Chronic appendicitis RLQ pain, constitutional symptoms, CT or US findings
Superior gluteal nerve entrapment Pain from the lateral buttock down to the knee, tender mid-lateral buttock; no sensory abnormalities
Femoral neuropathy Quadriceps weakness
Hemangioma of pelvis Seen on imaging
Inguinal hernia Detected on examination, seen on standing if small, positive cough impulse
Hip joint pain Restricted range of motion, pain referred to medial thigh, x-ray findings of osteoarthritis.
Greater trochanteric pain syndrome Lateral thigh pain, Greater trochanteric or hip abductor tenderness, pain relief after local anaesthetic injection,

The clinician must consider other pathologies such as those in the abdomen, lumbar spine, pelvis, and hip. There are also a variety of different peripheral nerve entrapments that can cause thigh pain. Red flag conditions to consider include pelvic masses, chronic appendicitis, caecal tumours, and retroperitoneal sarcomas. These can all cause pain and dysaesthesia in the LFCN distribution. Other conditions that can cause symptoms are haemangiomas, uterine myomas, periostitis, and traction during retroperitoneal procedures.[1]

Any entrapment neuropathy must be differentiated from other mononeuropathies especially vasculitis where the nerve can become ischaemic or infarct. Vasculitis is usually acute in onset and is usually self-resolves over 6 weeks. Entrapment neuropathies generally start slowly, are gradually progressive, and persistent.[1]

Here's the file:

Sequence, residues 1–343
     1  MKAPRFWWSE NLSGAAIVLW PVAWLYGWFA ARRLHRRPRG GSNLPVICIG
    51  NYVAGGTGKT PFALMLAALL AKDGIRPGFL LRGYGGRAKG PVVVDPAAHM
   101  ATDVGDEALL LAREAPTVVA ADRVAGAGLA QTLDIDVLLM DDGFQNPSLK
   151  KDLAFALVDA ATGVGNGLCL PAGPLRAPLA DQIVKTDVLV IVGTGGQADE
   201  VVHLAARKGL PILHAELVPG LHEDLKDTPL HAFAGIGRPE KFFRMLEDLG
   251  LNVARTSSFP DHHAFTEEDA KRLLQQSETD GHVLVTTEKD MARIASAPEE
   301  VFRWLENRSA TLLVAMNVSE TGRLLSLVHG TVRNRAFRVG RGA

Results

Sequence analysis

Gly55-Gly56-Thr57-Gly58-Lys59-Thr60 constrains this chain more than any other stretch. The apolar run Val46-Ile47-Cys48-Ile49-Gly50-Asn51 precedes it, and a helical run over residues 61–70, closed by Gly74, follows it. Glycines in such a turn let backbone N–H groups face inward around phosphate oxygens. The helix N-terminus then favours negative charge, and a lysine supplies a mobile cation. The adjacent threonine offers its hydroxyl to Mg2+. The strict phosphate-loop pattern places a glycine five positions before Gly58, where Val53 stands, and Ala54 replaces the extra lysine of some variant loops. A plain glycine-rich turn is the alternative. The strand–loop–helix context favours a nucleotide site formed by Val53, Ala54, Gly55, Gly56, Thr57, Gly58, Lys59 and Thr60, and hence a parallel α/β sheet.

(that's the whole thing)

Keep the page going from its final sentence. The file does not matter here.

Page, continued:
Lumbar radiculopathy can cause leg numbness, but it is very unusual for it to cause sensory changes such a localised area seen in LFCN entrapment. Also back/buttock pain are often present. However, LFCN irritation can refer pain both distally, and proximally into the buttock, which could lead to an incorrect diagnosis of lumbar radiculopathy.[1]

Treatment

Assuming there is no red flag condition, then modifiable factors should be addressed. Most patients can achieve good pain relief from non-interventional treatment and NSAIDs. The most important modifiable factor is weight loss in those with large abdomens. The patient should be instructed to avoid tight belts or clothes around the waist. Good glucose control should be achieved in diabetes. Alcohol intake should be minimised. If the patient does a lot of long-distance walking or cycling then this could be stopped for a short period. Neuromodulatory such as TCAs drugs can be considered. Topical local anaesthetics and TENS are sometimes helpful.[1]

Injections
Lateral femoral cutaneous nerve injection can be performed as both a diagnostic and therapeutic intervention. Injection can be considered for symptoms that persist for 1-2 months in spite of conservative measures. In some cases repeated injections are required.[1]
Neurolysis
More invasive procedures such as radiofrequency neurotomy has been described but is not done in NZ to the authors knowledge. Neurolysis causes persistent numbness and has a risk of anaeesthesia dolorosa. There is also a risk of damage to the surrounding femoral and obturator nerves.[1]
Surgery
Surgical decompression has been described but it is not universally successful and recurrence can still occur.[1]

Follow Up and Prognosis

Assuming there is no red flag condition, the condition is often treatable, but recurrence is common.[1]

Summary

  • The LFCN has variable anatomy and therefore clinical presentation
  • Symptoms may be classic - pain and/or dysaesthesia affecting the cutaneous distribution of the LFCN.
  • There is a strong association with diabetes mellitus
  • Most cases can be managed with conservative management.

References

  1. 1.00 1.01 1.02 1.03 1.04 1.05 1.06 1.07 1.08 1.09 1.10 1.11 1.12 1.13 Trescot, Andrea. Peripheral nerve entrapments : clinical diagnosis and management. Switzerland: Springer, 2016.